I believe we should never kid ourselves that the economy is vibrant, and we need to worry about the escalation of the deficit. Furthermore, with the current instability in world affairs, the future is rather grim and we need to take every conceivable precaution to ensure the health of the economy, without daydreaming that all is well the way we are.

A Spanish Insight

Simon Courtauld has certainly written a winner.

Footprints in Spain, published by Quartet and now in paperback is still attracting a great deal of interest. Highly recommended by critics, it has now garnered the attention of British Airways magazine High Life which it highlighted in their current August issue with the following headline.


From soul searching to sun seeking, Benjamin Disraeli to George Orwell, legendary tiffs to lovers’ trysts, the British have heard the Iberian siren call for centuries. Simon Courtauld paints an idiosyncratic portrait of the two countries’ passionate history.’

If you happen to be travelling on a British Airways flight this August, you will no doubt read the full coverage in its magazine and would certainly hanker to buy a copy of the book which is truly informative as well as highly entertaining.

It’s a good holiday companion and it will also make an affordable Christmas present in the present austerity climate. What more can you ask for…

Part history, part memoir, part travelogue – a fascinating tour of Spain by an author who knows its history and culture inside out. Britons have been drawn to Spain for many centuries. It has played host to bloody wars and legendary love affairs that have shaped the culture, history and psyche of both nations. Over time, Spain has made its mark on many of our best-loved artists, thinkers, writers and royals. Intelligent, humane and idiosyncratic, this book tells the story of great British lives in Spain from the Pyrenees to Gibraltar and A Coruña to Valencia. In doing so, it vividly charts the tumultuous history of Spain, its people and its British visitors, from Catherine of Lancaster to Laurie Lee. Writing with warmth, colour and an eye for a great anecdote, Courtauld gets to the heart of Spanish life and sheds new light on this eternally fascinating country.



Geraldine Road Continued

Sexual activities were seldom a prominent feature of life in Geraldine Road, but then, to everyone’s surprise, my uncle brought home a cockney girl of 27 called Rita. She had a lot of spark and an easy-going nature; she was certainly game for a laugh and for anything else so long as it had an outrageous element to it.

Although they seemed an unlikely couple, my uncle and Rita seemed to blend in a funny sort of way. I immediately took to her. She was undoubtedly attractive, her bosom was an asset and she took good care enhancing its appeal. It projected quite tastefully but with a tantalising effect. The rest of her was not short on womanly appeal either. In fact, Rita was all woman, oozing the sort of raw appeal men yearn for. I was unable to resist asking her whether she had slept with my uncle but the answer was always in the negative.

My uncle remained very awkward and shy with women while his religious conditioning and upbringing dictated abstinence from any physical gratification.

Rita’s style of elocution was East Endish, though it had an added resonance that defied classification. When she spoke, her voice was easy on the ear; the more I got to know her, the more I liked her; the more I liked her, the more I thought I would not mind bedding her if only it weren’t for her relationship with my uncle. Inevitably the idea lingered in my imagination for a while. My intuition told me that the experience might be terrific but the consequences might lead to unpleasantness,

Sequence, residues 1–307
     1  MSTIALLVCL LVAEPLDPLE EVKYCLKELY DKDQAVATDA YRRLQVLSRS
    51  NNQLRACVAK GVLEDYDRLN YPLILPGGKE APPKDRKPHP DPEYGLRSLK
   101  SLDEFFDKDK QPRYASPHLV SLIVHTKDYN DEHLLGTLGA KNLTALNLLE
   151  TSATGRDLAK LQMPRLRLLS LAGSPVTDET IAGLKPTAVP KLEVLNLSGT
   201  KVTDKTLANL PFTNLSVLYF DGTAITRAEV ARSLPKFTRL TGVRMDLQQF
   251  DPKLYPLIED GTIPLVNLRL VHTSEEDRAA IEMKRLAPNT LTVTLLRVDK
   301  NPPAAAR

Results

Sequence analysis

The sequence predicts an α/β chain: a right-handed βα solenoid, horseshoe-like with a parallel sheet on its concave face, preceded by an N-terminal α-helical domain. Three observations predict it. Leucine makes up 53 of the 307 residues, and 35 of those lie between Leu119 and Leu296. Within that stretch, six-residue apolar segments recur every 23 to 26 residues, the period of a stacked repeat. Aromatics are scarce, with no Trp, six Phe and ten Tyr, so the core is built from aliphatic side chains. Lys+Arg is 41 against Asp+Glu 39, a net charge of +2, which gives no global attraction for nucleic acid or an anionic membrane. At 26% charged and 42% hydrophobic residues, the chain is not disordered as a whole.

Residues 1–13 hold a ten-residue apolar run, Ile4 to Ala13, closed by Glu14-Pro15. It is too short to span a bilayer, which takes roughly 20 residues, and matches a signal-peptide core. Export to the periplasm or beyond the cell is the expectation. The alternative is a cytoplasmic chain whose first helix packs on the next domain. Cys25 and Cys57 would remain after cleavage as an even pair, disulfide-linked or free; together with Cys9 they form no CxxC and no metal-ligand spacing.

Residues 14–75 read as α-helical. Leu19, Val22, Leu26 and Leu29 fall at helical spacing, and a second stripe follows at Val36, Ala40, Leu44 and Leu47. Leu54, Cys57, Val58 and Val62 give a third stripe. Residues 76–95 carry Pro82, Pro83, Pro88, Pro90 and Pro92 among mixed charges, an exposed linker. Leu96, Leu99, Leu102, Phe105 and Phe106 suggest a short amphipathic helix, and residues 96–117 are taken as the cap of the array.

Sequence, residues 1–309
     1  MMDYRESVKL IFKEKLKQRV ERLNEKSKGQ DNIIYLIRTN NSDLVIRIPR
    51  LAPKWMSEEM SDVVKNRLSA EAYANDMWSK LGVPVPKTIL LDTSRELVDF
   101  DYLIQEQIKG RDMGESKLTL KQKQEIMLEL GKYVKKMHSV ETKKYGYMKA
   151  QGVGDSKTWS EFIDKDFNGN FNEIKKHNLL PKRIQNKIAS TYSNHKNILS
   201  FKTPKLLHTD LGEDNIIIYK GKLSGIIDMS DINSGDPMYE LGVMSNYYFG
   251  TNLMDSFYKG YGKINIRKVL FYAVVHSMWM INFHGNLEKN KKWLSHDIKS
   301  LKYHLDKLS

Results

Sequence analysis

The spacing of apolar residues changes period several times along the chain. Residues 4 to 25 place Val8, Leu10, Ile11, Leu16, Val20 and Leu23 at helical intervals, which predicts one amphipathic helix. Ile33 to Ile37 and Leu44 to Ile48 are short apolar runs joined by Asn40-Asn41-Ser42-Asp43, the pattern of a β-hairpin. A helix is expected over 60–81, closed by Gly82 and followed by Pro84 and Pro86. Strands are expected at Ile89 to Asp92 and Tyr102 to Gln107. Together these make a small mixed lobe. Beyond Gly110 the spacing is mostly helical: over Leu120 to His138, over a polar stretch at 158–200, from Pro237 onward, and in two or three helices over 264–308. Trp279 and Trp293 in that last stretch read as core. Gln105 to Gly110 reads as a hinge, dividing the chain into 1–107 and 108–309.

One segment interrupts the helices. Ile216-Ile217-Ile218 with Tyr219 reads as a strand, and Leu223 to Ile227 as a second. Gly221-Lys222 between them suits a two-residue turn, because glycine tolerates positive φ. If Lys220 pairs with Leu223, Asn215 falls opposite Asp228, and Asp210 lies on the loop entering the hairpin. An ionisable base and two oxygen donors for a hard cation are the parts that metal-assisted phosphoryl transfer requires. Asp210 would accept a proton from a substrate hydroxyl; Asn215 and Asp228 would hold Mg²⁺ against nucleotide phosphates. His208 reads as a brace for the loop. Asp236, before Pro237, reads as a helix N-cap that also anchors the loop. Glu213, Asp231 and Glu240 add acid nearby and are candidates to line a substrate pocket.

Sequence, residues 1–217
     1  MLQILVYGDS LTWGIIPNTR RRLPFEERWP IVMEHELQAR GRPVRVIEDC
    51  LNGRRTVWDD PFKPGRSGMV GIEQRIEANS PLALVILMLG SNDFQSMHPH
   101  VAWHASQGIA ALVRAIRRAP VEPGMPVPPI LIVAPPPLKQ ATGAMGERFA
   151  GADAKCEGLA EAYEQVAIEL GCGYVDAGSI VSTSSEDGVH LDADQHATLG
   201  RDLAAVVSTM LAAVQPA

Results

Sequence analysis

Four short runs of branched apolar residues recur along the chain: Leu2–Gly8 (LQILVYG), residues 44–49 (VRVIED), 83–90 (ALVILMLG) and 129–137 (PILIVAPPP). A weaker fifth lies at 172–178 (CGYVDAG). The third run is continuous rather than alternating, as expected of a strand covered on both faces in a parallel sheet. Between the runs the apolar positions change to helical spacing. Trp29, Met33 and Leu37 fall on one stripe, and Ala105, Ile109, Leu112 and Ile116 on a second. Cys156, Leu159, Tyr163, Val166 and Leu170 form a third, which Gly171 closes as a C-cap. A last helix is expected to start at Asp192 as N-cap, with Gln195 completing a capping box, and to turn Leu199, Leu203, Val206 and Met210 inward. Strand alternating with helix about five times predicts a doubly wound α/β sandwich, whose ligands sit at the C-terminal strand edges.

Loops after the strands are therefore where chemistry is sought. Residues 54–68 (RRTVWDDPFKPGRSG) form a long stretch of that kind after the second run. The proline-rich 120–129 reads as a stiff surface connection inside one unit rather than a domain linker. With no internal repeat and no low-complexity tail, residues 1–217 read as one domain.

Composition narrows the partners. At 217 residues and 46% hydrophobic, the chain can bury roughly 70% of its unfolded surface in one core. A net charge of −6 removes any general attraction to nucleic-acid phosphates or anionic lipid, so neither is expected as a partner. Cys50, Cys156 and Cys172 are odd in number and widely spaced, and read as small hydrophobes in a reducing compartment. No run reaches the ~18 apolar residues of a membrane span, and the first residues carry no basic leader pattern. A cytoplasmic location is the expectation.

In my perception of Rita I saw her as a woman for all seasons, one to be savoured, relished and not kept selfishly by one man. Nevertheless, despite all pressures to the contrary I steadfastly refused to succumb to temptation. The seduction of Rita was ultimately confined to my dreams.

There was, however, one occasion when I believed I saw Rita and my uncle kissing but it was clear it went no further. On another occasion, after Rita had had a drop or two more drink than usual, she confessed without much probing that the most they had done sexually was to cuddle half naked in bed. My uncle had apparently nestled his head on her naked breasts but, aroused and sweating profusely, he would not go any further. Penetration outside the marital bed would be to him a mortal sin. He believed that the ultimate rewards of heaven must not be sacrificed for unsanctioned pleasurable encounters on earth.

Stinous and I disagreed with this thesis when we discussed the question between ourselves. To us it seemed preferable to have it the other way round. It was far better, we maintained, to enjoy what could be felt and savoured in the here and now rather than look forward to hypothetical gratification in the future. As the saying went, a bird in the hand was worth two in the bush.

For a while afterwards, Rita dominated my thoughts in the form of an oscillation between right and wrong and inwardly, perhaps, I wished I had succumbed to the temptation that was there for the taking. However, it was too late then. Rita had flown the nest, never to be seen again.

After that, life in Geraldine Road settled back into its mundane routine. Conversations at the supper table were devoted mostly to life at the Polytechnic, with special emphasis on how my uncle felt at my appalling behaviour in the lecture room and the laboratory at the Polytechnic. He lamented how it grieved him to have to suffer the indignity of being recognised by everyone there as a blood relation of mine.

Stinous would at first defend me against these oral onslaughts, wondering that there wasn’t a degree of exaggeration in my uncle’s accounts. Later, with a wry smile on his face he would concede that my uncle had a point. I quickly realised that Stinous was not on his side in this linguistic game. He was merely trying to humour my uncle and lower the temperature in his usual canny way. Nevertheless it was a mode of conversation that became boringly repetitious and with its lack of novelty soon deteriorated into total banality.